I’m sure you are familiar with the classic email scam from the “Nigerian widow.” The message from “Mrs. Obasanjo” informs us that her late husband, a military general, left behind an estate of $12 million, and she wants to give it to you! But the money is frozen in a Swiss bank account, so she’s asking you to wire her $1,500 to “unlock” the funds.
Few people today would be foolish enough to fall for that tired trick. But the internet has matured, and thieves have grown more sophisticated in their greedy pursuits. Today, a whole new generation of con artists has emerged, and some of them are specifically targeting Christians.
I don’t want you to be a victim! So watch out for these schemes:
1. The too-good-to-be-true speaking invitation. Last week a friend of mine who pastors in Canada received an invitation to speak at a church in England. It seemed like a great opportunity to minister overseas, but there was one catch: The church explained that my friend would need to send funds up front to pay “permit fees” that are required by the British government for foreigners.
Such permits are required, and there is indeed a fee. But in this case, the “church” issuing the invitation was involved in an elaborate religious con job. Thankfully my Canadian friend didn’t fall for it, but many innocent pastors have. As soon as they sent the funds by Western Union—the equivalent of about $775 U.S.—the church pocketed the money, and there was no event and no honorarium for the speaker as promised.
2. The pay-up-front gospel crusade. The scheme goes like this: You get an email from a pastor in a developing country who begs you to help him reach his village for Christ. You begin a long-distance relationship, and he sends photos of his evangelistic meetings. Then he invites you to come to his country, and he promises you will speak to multitudes.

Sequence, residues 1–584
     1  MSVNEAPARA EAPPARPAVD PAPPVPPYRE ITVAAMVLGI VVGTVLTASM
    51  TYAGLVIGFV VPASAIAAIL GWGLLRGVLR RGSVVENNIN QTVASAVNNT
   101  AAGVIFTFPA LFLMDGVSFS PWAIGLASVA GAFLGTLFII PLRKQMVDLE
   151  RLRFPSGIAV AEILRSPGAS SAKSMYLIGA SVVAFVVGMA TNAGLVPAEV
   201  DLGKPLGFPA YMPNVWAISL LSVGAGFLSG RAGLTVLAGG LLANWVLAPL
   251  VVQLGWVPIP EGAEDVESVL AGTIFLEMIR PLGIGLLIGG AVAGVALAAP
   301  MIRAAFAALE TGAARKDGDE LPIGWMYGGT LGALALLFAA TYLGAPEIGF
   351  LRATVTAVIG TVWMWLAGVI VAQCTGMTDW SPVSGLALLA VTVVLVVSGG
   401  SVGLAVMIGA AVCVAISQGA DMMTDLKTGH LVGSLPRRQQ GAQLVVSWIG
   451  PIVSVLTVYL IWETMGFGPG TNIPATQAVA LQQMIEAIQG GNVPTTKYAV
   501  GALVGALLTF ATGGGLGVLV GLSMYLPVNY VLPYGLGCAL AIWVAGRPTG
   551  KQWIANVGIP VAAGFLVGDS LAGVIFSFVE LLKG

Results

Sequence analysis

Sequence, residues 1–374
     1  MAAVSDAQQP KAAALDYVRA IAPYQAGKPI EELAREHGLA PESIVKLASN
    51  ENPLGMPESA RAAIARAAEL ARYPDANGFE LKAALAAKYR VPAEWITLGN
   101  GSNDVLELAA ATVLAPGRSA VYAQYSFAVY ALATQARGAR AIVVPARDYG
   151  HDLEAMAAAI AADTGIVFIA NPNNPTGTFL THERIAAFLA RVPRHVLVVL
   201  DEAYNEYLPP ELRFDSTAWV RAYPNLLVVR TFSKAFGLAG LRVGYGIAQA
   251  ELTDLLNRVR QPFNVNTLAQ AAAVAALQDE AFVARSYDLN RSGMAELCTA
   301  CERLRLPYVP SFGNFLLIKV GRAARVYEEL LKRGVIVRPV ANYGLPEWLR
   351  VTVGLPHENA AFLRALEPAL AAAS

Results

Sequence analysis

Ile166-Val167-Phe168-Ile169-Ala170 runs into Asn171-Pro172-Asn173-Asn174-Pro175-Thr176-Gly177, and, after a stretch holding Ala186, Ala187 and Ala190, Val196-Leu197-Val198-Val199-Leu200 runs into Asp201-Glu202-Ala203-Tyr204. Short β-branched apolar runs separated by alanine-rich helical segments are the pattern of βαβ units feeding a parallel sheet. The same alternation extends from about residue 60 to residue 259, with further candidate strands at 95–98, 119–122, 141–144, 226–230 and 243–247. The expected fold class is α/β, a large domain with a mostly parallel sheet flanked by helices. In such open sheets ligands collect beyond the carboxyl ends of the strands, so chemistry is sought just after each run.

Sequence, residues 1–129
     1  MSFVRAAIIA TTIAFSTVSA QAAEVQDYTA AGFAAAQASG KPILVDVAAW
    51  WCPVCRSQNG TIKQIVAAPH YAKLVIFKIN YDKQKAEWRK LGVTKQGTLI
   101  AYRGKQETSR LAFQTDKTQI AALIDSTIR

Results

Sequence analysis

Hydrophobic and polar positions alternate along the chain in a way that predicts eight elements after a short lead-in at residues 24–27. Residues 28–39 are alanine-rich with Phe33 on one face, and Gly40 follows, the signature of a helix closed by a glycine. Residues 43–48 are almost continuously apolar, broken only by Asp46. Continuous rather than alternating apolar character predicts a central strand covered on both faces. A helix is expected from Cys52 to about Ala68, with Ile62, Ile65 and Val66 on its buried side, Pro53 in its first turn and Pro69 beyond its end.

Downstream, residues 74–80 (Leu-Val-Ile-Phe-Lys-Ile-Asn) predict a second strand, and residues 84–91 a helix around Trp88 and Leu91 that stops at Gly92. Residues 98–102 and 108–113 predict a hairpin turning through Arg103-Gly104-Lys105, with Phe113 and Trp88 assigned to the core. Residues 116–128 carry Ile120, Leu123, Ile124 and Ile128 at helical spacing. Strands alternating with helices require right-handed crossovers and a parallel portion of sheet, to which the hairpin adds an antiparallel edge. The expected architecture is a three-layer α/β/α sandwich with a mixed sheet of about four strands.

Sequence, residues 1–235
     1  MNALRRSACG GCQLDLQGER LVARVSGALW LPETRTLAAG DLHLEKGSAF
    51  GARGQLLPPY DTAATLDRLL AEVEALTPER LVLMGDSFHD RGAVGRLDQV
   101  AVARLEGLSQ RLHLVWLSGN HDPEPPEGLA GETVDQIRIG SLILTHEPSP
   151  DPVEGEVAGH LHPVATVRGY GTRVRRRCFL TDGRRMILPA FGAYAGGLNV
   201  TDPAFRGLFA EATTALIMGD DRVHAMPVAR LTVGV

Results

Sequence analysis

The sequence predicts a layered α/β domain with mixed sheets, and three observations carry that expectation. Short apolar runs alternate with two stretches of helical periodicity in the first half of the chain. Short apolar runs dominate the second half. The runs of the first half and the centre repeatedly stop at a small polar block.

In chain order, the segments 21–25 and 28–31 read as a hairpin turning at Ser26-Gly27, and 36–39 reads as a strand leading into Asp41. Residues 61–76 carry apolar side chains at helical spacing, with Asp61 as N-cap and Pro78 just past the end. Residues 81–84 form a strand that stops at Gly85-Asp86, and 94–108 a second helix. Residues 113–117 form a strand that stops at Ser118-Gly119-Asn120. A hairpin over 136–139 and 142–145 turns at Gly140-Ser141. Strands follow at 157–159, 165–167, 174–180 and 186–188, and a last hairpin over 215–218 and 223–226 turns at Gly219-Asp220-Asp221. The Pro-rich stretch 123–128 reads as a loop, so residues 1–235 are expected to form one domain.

After more correspondence, you agree on dates and he sends you a budget for the six-day event, which includes venue rental fees and the cost for meals for participants. And then he asks for an advance deposit on these fees, which you wire to his bank. Once the money is transferred, the “pastor” vanishes. (Cue the song, “Take the Money and Run.”)
3. The hurry-up-and-send-relief crisis. Within hours of a legitimate international crisis—an earthquake, hurricane or famine—you are contacted by an organization you’ve never heard of, asking you to send donations immediately. If you don’t know the name of the charity, don’t click on the “Donate” button—it could actually be a phishing scam designed to steal your cyber identity. First, go to your browser and see if the charity actually exists. Better yet, give your donation to a group you know and trust.
4. The wealth-laid-up-for-the-righteous investment opportunity. A few years ago, a supposed Christian businessman convinced a group of ministers to invest in an elaborate plan to mine salt from the Dead Sea in Israel and turn it into a more valuable mineral. The plan was shrouded in secrecy and super-spiritual lingo.
The spokesman for the company said only an elite few people were being offered the chance to profit from this amazing venture. Prospective investors were told that Satan was fighting the operation because it would unleash millions of dollars of the world’s money into the hands of Christians. The people who bought into this plan were convinced it would change the world—and make them independently wealthy.
Nothing ever comes of these scams. The people who invest are usually too embarrassed to report criminal behavior once they realize they’ve been bamboozled. But every year, tons of God’s money is flushed down the drain because a scam artist figured out how to use religious lingo to deceive people who should have the discernment to know better.
Jesus warned us long ago: “Beware of false prophets who come to you in sheep’s clothing, but inwardly they are ravenous wolves” (Matt. 7:15). Things are not always as they seem. The church has been infiltrated by charlatans who pretend to be children of God but are actually agents of the devil.
How can you protect yourself? Read every email from a stranger with a skeptical eye. Do your homework and always scrutinize any financial plan carefully before investing. Be cautious when building relationships overseas, and never trust someone who asks you to send funds to them in order for you to eventually strike it rich.
Finally: If you want to have keen discernment, make sure you crucify your greed. It is usually a lust for money that causes people to fall for get-rich-quick schemes that sound too good to be true. Don’t let the love of money pull you into a trap.